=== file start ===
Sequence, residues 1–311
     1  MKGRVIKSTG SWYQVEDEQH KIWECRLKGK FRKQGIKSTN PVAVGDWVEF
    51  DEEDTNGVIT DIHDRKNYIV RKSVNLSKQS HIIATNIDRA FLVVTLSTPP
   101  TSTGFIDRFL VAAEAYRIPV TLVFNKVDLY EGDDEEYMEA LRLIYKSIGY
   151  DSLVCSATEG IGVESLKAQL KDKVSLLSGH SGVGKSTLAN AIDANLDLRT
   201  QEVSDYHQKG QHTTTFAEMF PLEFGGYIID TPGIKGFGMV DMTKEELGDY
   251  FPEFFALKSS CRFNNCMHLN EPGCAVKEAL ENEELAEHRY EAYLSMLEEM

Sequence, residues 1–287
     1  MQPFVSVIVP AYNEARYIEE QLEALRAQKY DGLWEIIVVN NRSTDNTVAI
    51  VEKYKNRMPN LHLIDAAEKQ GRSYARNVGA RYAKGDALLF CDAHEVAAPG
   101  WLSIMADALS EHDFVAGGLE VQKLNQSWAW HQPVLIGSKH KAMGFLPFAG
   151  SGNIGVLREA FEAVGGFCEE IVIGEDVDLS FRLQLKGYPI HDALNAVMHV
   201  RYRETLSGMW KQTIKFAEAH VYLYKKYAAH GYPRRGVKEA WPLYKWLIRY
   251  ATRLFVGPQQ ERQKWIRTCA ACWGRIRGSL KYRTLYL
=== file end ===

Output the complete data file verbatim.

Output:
Sequence, residues 1–311
     1  MKGRVIKSTG SWYQVEDEQH KIWECRLKGK FRKQGIKSTN PVAVGDWVEF
    51  DEEDTNGVIT DIHDRKNYIV RKSVNLSKQS HIIATNIDRA FLVVTLSTPP
   101  TSTGFIDRFL VAAEAYRIPV TLVFNKVDLY EGDDEEYMEA LRLIYKSIGY
   151  DSLVCSATEG IGVESLKAQL KDKVSLLSGH SGVGKSTLAN AIDANLDLRT
   201  QEVSDYHQKG QHTTTFAEMF PLEFGGYIID TPGIKGFGMV DMTKEELGDY
   251  FPEFFALKSS CRFNNCMHLN EPGCAVKEAL ENEELAEHRY EAYLSMLEEM

Sequence, residues 1–287
     1  MQPFVSVIVP AYNEARYIEE QLEALRAQKY DGLWEIIVVN NRSTDNTVAI
    51  VEKYKNRMPN LHLIDAAEKQ GRSYARNVGA RYAKGDALLF CDAHEVAAPG
   101  WLSIMADALS EHDFVAGGLE VQKLNQSWAW HQPVLIGSKH KAMGFLPFAG
   151  SGNIGVLREA FEAVGGFCEE IVIGEDVDLS FRLQLKGYPI HDALNAVMHV
   201  RYRETLSGMW KQTIKFAEAH VYLYKKYAAH GYPRRGVKEA WPLYKWLIRY
   251  ATRLFVGPQQ ERQKWIRTCA ACWGRIRGSL KYRTLYL